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ARS Home » Midwest Area » West Lafayette, Indiana » National Soil Erosion Research Laboratory » Research » Publications at this Location » Publication #366068

Research Project: Conservation Practice Impacts on Water Quality at Field and Watershed Scales

Location: National Soil Erosion Research Laboratory

Title: Changing rainfall patterns over the Western Lake Erie Basin (1975-2017): Effects on tributary discharge and phosphorus load

item Williams, Mark
item King, Kevin

Submitted to: Water Resources Research
Publication Type: Peer Reviewed Journal
Publication Acceptance Date: 2/7/2020
Publication Date: 2/14/2020
Citation: Williams, M.R., King, K.W. 2020. Changing rainfall patterns over the Western Lake Erie Basin (1975-2017): Effects on tributary discharge and phosphorus load. Water Resources Research. 56(3). Article E2019WR025985.

Interpretive Summary: Assessment of rainfall patterns over time is often conducted at regional (e.g., Midwestern U.S.) or national spatial scales. These assessments are important, but lack detail on specific changes in rainfall amount and intensity that have relevance for local agriculture and water resource managers. In this study, our objective was to evaluate long-term trends in rainfall amount, frequency, and intensity across the Western Lake Erie Basin (WLEB) from 1975-2017 and determine if changes in rainfall have impacted stream flow and phosphorus loads. Results showed that annual rainfall has increased significantly over the past 40 years in the WLEB due to increases in heavy (daily rainfall between 1 and 3 inches) and very heavy (daily rainfall greater than 3 inches) rainfall. Stream flow in ten subwatersheds of the Maumee River increased in response to changing rainfall patterns. Increasing rainfall amount and intensity may not only affect discharge, but also dissolved phosphorus concentration due to an increased number of days with high flows and potentially greater probability of surface runoff. The effects of increasing rainfall amount and intensity observed in this study combined with increasing connectivity (i.e., increased drainage intensity) and accumulated nutrient stores (i.e., legacy phosphorus) in agricultural watersheds create substantial challenges for traditional conservation approaches. To ensure sustainable agricultural adaptation to changing rainfall patterns, innovative conservation practices that address these challenges are needed.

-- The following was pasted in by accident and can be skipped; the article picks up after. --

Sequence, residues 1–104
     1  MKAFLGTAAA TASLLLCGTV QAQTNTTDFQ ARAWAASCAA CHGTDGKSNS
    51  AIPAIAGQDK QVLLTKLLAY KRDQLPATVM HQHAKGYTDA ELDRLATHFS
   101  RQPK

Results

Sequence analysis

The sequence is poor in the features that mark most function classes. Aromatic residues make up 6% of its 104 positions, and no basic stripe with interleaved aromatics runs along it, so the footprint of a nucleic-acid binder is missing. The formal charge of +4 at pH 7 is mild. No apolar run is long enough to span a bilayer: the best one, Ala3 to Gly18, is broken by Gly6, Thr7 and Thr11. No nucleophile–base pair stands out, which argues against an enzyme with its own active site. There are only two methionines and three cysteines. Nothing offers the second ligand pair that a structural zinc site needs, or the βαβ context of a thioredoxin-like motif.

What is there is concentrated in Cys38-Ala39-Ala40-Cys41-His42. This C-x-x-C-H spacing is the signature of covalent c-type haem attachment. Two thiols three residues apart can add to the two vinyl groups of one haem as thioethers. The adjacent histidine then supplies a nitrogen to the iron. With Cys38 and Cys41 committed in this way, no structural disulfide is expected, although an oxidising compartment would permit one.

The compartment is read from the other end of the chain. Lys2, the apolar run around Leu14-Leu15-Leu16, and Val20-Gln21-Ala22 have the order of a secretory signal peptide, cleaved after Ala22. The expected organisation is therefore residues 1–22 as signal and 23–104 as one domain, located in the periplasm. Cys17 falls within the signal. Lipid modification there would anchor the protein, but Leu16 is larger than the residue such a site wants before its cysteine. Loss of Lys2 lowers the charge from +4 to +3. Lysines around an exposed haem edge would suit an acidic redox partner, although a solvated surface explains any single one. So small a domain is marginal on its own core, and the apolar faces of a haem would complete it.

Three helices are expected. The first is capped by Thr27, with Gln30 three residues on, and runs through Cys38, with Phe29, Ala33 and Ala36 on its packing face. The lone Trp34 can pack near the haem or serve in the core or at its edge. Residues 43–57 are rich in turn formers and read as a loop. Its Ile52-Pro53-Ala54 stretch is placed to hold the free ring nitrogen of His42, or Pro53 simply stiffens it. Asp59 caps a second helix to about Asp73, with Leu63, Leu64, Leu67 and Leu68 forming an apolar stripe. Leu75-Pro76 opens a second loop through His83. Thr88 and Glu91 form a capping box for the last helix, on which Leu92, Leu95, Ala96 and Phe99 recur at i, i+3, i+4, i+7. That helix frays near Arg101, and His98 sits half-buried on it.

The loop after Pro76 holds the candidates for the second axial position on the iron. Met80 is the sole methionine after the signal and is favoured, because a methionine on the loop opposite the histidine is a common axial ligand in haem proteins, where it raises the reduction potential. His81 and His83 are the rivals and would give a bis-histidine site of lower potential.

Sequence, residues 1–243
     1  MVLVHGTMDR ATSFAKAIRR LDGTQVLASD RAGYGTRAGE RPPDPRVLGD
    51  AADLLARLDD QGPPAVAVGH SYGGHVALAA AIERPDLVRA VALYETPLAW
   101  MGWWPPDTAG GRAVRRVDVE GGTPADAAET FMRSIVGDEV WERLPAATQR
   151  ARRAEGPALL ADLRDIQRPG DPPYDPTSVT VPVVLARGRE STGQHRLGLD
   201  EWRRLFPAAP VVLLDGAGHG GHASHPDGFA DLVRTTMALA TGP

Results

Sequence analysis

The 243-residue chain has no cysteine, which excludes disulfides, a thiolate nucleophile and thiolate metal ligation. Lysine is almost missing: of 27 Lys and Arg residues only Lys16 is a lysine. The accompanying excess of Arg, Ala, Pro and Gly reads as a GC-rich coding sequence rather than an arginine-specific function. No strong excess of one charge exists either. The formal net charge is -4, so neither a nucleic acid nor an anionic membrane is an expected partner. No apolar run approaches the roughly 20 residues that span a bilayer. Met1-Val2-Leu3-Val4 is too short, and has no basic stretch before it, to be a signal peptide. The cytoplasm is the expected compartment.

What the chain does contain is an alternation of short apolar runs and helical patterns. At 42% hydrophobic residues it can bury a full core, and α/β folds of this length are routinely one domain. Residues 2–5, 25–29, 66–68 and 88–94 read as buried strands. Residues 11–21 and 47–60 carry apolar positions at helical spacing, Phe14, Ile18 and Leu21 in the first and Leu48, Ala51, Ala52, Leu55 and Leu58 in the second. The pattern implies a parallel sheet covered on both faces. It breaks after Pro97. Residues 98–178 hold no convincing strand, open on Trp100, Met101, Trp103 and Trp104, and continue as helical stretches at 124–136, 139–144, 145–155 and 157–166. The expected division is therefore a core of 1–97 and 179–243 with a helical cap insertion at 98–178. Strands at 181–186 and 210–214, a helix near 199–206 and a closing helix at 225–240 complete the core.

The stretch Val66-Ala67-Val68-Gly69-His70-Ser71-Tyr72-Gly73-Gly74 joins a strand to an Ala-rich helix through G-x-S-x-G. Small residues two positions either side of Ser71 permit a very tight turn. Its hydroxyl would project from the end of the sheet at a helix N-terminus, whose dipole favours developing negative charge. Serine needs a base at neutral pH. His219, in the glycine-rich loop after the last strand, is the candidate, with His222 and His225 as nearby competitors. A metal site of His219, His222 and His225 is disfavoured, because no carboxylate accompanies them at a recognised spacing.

Technical Abstract: In agricultural watersheds, shifting climate and hydrologic patterns present an immediate and localized risk to both farm productivity and downstream aquatic ecosystems. Here, our objective was to evaluate long-term spatiotemporal trends in rainfall amount and intensity within the Maumee River-Lake Erie system and quantify the effects of rainfall patterns on streamflow and phosphorus loading. Across the watershed, annual rainfall increased by 102±115 mm from 1975-2017. Heavy and very heavy rainfall accounted for most of the increase in total rainfall, with observed increases of 45±32% that occurred primarily during spring and summer. Trends in streamflow for twelve monitored subwatersheds generally followed patterns in rainfall, as increases were observed in ten subwatersheds. Discharge to rainfall ratio also increased in nine of twelve subwatersheds despite no change or increases in watershed storage capacity suggesting that increasing rainfall intensity that exceeds short-term watershed storage capacity (i.e., during and immediately following the rainfall event) may control patterns of discharge more than long-term gains in watershed storage (i.e., changes in soil water holding capacity). Monthly long-term trends in total phosphorus load were weakly correlated (r2=0.25) to monthly trends in discharge; however, dissolved phosphorus was strongly correlated (r2=0.98) to discharge. These findings indicate that increasing rainfall amount and intensity combined with increasing hydrologic connectivity and accumulating nutrient stores in the Maumee watershed over the past four decades create significant challenges for contemporary approaches for dissolved phosphorus load mitigation. Innovative drainage design and management practices are needed to ensure that agricultural adaptation to climate change is sustainable.